<hi rend="italic">s</hi>., that is in my cash book—I could not possibly say whether there were as many as a dozen transactions—I do not remember whether there was a balance due to the prisoner, I made no entry of any of the transactions—I knew the prisoner was acting for Mr. Jessupp—I have all my books here—I had no particular reason why I did not make an entry of these private transactions—it is not a customary thing for me to deal and share profit with persons—I do not know why I did it for the prisoner—I paid the pri
<lb/>soner on that dav on behalf of Mr. Jessupp, the whole of these sums, 185
<hi rend="italic">l</hi>., 259
<hi rend="italic">l</hi>. 7
<hi rend="italic">s</hi>. 6
<hi rend="italic">d</hi>., and 183
<hi rend="italic">l</hi>. 13
<hi rend="italic">s</hi>. 6
<hi rend="italic">d</hi>.—these are all entered in my book—I swear</p>
<xptr type="pageFacsimile" doc="185509170007"/>
<p>that no part was paid to the prisoner on the account that I had with him—the 185
<hi rend="italic">l</hi>. was paid in a later part of the day, I suppose—the prisoner came again the same day and received 183
<hi rend="italic">l</hi>. 13
<hi rend="italic">s</hi>. 6
<hi rend="italic">d</hi>—it was paid that day, I have the entry in my book.</p>
<hi rend="smallCaps">MR. PEARCE</hi>.
<hi rend="italic">Q.</hi> With regard to these private transactions, was it optional with you to pay the prisoner?
<hi rend="italic">A.</hi> Yes; those consols were stand
<lb/>ing in my own name—I was in honour bound to pay the prisoner a part, bat it was not any business transaction—I purchased these consols through Mr. Jessupp, or a stock broker, into my own name—the whole of the amount I paid the prisoner on 16th May, I paid him on behalf of the prosecutor—I believe there was no amount due from the prisoner to me that day—I might have lent him 1
<hi rend="italic">l</hi>., or he me—all the "Crystals" on this bill are on behalf of Mr. Jessupp, not with the prisoner on his own account.</p>
<hi rend="smallCaps">JURY</hi>.
<hi rend="italic">Q.</hi> What other transaction had you with the prisoner beside these consols?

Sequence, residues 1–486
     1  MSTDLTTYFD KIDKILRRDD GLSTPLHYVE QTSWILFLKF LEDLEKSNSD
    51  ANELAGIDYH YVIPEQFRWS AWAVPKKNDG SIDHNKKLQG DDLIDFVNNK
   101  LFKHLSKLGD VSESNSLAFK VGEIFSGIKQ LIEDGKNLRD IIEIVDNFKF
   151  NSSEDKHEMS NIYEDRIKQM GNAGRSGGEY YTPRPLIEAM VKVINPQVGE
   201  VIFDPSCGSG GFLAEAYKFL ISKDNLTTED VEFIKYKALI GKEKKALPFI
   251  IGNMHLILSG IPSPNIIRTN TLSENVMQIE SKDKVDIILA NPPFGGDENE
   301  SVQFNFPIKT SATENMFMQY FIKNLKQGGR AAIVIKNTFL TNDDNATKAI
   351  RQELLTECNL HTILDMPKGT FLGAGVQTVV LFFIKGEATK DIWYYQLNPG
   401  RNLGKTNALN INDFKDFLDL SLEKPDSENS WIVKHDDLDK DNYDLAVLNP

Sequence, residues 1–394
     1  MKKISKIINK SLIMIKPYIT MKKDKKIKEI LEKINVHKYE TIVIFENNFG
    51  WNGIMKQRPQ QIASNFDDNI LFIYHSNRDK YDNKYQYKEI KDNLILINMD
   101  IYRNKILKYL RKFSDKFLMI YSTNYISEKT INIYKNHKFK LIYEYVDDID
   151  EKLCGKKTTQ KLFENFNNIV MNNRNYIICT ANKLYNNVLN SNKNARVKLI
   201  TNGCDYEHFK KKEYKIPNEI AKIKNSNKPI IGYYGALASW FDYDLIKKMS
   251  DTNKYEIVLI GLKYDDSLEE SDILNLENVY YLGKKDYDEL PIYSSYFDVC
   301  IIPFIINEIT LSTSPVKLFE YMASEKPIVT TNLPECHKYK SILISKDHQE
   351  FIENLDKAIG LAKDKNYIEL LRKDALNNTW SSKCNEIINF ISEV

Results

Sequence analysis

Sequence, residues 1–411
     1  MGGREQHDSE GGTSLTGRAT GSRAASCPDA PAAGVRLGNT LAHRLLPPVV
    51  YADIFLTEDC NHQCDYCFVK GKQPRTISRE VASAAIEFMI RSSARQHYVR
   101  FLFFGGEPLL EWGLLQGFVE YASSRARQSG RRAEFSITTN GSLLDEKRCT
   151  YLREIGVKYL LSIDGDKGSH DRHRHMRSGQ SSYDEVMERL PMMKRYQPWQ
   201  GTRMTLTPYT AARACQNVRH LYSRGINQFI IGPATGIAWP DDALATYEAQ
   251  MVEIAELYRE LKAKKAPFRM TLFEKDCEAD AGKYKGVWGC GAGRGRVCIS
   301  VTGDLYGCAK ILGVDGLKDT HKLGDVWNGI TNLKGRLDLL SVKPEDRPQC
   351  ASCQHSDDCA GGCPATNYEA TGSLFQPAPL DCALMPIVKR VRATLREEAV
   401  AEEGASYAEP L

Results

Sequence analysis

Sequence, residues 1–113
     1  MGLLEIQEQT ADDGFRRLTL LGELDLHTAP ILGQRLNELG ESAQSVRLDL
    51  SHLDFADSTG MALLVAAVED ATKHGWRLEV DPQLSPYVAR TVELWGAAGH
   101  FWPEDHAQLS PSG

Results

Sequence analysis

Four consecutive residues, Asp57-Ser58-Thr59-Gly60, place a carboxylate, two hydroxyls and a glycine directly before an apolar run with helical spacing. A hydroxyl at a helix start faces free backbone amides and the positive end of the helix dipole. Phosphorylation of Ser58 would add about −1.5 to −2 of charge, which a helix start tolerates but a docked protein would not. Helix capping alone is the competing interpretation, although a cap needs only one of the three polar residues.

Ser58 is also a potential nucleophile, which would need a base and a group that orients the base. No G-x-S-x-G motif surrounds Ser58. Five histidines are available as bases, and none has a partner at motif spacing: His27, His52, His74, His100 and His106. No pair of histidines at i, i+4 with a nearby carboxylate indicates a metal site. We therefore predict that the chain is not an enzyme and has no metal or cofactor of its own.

<hi rend="italic">A.</hi> I believe there were one or two Crystal Palace shares, but they were very small—I believe I never owed him 10
<hi rend="italic">l</hi>., or he me—I feel quite sure that there was nothing between me and the prisoner that at all affected this matter in the least degree.</p>
<hi rend="smallCaps">
<persName id="t18550917-name-33" type="witnessName">
<interp inst="t18550917-name-33" type="gender" value="indeterminate"/>
<interp inst="t18550917-name-33" type="surname" value="JESSUPP"/>
<interp inst="t18550917-name-33" type="given" value="LEVERTON"/>LEVERTON JESSUPP</persName> </hi>. I am a stock broker in Token House-yard In May last year I was at Bank Chambers—on 1 6th May the prisoner was in my employ—on his receiving money on my behalf, it was his duty to bring it to me daily—on 16th May, I received several sums which the prisoner had collected for me—amongst others I had four sums as having been received from Mr. Mossop; 139
<hi rend="italic">l</hi>. 7
<hi rend="italic">s</hi>. 6
<hi rend="italic">d</hi>., 95
<hi rend="italic">l</hi>., 128
<hi rend="italic">l</hi>. 17
<hi rend="italic">s</hi>. 9
<hi rend="italic">d</hi>., and 54
<hi rend="italic">l</hi>. 15
<hi rend="italic">s</hi>. 9
<hi rend="italic">d</hi>., making 418
<hi rend="italic">l</hi>. 1
<hi rend="italic">s</hi>.; he did not give me any particulars what they were for—there was a running account with Mr. Mossop, and that balance he would have to pay that day—T had been away some time, and had only come home a day or two at that time—if these were cheques, I gave them to the prisoner to pay into the bank; if they were notes or gold, I should pay them in myself—it is all entered as cash—I have no doubt they were not gold, from the amounts being uneven—I cannot say whether they were gold or not—I have the entry in this book in my own writing, and here is a book made up by the prisoner which is a correct copy of my own book—the prisoner only paid me that day 418
<hi rend="italic">l</hi>. 1
<hi rend="italic">s</hi>.—he left me the beginning of July.</p>
<hi rend="italic">Cross-examined. Q</hi>. There was something about some Luxembourg shares?
<hi rend="italic">A.</hi> Yes, I found they had not been delivered, and he left; but these were discovered after the prisoner had left—it was the universal practice for the prisoner to pay every day when I was at home—I was out a good deal about that time—he had not to buy shares on my account—there was a gentleman, Mr. Broderick, to whom he was to give any sum of money if I was away—the prisoner might buy shares for me, but he could not pay for them; Mr. Broderick could—the prisoner could not sign cheques; I never made a payment except by cheques—the prisoner was never allowed to retain money to my knowledge; he was allowed half the commission on business done on his own account—his salary and commission would be nearly 80
<hi rend="italic">l</hi>. at the time he left.</p>
<hi rend="smallCaps">COURT</hi>.
<hi rend="italic">Q.</hi> At what time on the 16th was it he paid this?
<hi rend="italic">A.</hi> On that day I find two sums entered together at different times; they appear to Have been at the close of the day—I received sums as paid from Mr. Moasop after that day—I find an entry, which I believe is Mr. Broderick's writing, on 23rd May—I received no sum of the prisoner as relating to the 16th May, after that time; no I O U was paid to me.</p>